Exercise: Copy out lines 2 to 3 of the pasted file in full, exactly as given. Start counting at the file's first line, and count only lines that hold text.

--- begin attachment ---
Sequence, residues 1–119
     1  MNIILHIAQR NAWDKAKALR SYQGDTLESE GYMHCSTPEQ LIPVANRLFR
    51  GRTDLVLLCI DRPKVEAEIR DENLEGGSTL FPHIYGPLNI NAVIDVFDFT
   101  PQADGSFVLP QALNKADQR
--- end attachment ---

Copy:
     1  MNIILHIAQR NAWDKAKALR SYQGDTLESE GYMHCSTPEQ LIPVANRLFR
    51  GRTDLVLLCI DRPKVEAEIR DENLEGGSTL FPHIYGPLNI NAVIDVFDFT